There was no difference in the severity of the asphyxia between infants belonging to the theophylline and control groups in regards of Portman's score. Except for renal involvement, a similar frequency of multiorganic dysfunction, including neurologic impairment, was observed in both groups.
The theophylline group achieved an average serum level of 12.7 μg/mL (range: 7.5–18.9 μg/mL) at 36 to 48 hours of live versus traces (an average serum level of .87 μg/mg) in the placebo group.
Conclusions. Our data suggest that prophylactic theophylline, given early after birth, has beneficial effects on reducing the renal dysfunction in asphyxiated full-term infants. A single dose of 8 mg/kg of theophylline within the first postnatal hour in term neonates with severe perinatal asphyxia results in a significant decrease in serum creatine and urinary β2M, together with a significant increase in the creatine clearance. The potential clinical relevance of the data would be the avoidance of the contributory role of hypoxemia in the development of acute renal failure. Additional studies will be necessary before the use of theophylline in asphyxiated newborns can be considered for clinical practice.
- ARF =
- acute renal failure •
- GFR =
- glomerular filtration rate •
- FF =
- filtration fraction •
- β2M =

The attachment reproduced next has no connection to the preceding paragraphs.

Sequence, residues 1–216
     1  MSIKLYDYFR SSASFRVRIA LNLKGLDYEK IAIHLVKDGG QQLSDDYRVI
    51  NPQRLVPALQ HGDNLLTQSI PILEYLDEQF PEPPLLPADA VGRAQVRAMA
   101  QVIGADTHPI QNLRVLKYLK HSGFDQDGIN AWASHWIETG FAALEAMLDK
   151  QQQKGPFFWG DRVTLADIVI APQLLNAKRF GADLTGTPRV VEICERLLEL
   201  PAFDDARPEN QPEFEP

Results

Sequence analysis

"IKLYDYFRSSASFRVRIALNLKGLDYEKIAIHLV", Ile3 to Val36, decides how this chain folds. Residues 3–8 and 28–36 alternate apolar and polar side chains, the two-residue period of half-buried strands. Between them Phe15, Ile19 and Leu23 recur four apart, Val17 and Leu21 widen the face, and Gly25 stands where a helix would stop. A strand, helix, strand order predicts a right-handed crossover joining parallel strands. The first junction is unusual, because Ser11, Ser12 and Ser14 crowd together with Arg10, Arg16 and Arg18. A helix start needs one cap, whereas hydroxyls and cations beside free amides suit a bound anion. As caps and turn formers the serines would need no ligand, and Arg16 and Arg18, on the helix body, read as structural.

- β2-microglobulin •
- CNS =
- central nervous system
Fetal and neonatal asphyxia are the primary causes of transient renal impairment or acute renal failure (ARF) in neonates.1 ,2 Circulatory adaptive responses to perinatal asphyxia may lead to renal injury as a consequence of decreased perfusion of the kidney.3 ,4 Recently, Gunn et al5 reported that all the infants with hypoxic-ischemic encephalopathy included in their study developed signs of ARF. A persistent tubular dysfunction at 1 year old has been described in infants with a neonatal history of renal failure associated with asphyxia.6
The study of the protection of renal adverse effects of hypoxemic and/or ischemic impairments has been the focus of numerous investigations. Experimental data obtained from animal models suggest that various pharmacological agents, such as methylxantines,7 calcium entry blockers,8 and atrial natriuretic peptide,9 are effective in the prevention of renal impairment associated with hypoxemia.
Experiments in rabbits10 and rats11 have shown that renal adenosine acts as a vasoconstrictive metabolite in the kidney after hypoxemia and/or ischemia, contributing to the fall in glomerular filtration rate (GFR) and filtration fraction (FF).12 Vasoconstriction produced by adenosine can be inhibited by the nonspecific adenosine receptor antagonist, theophylline.13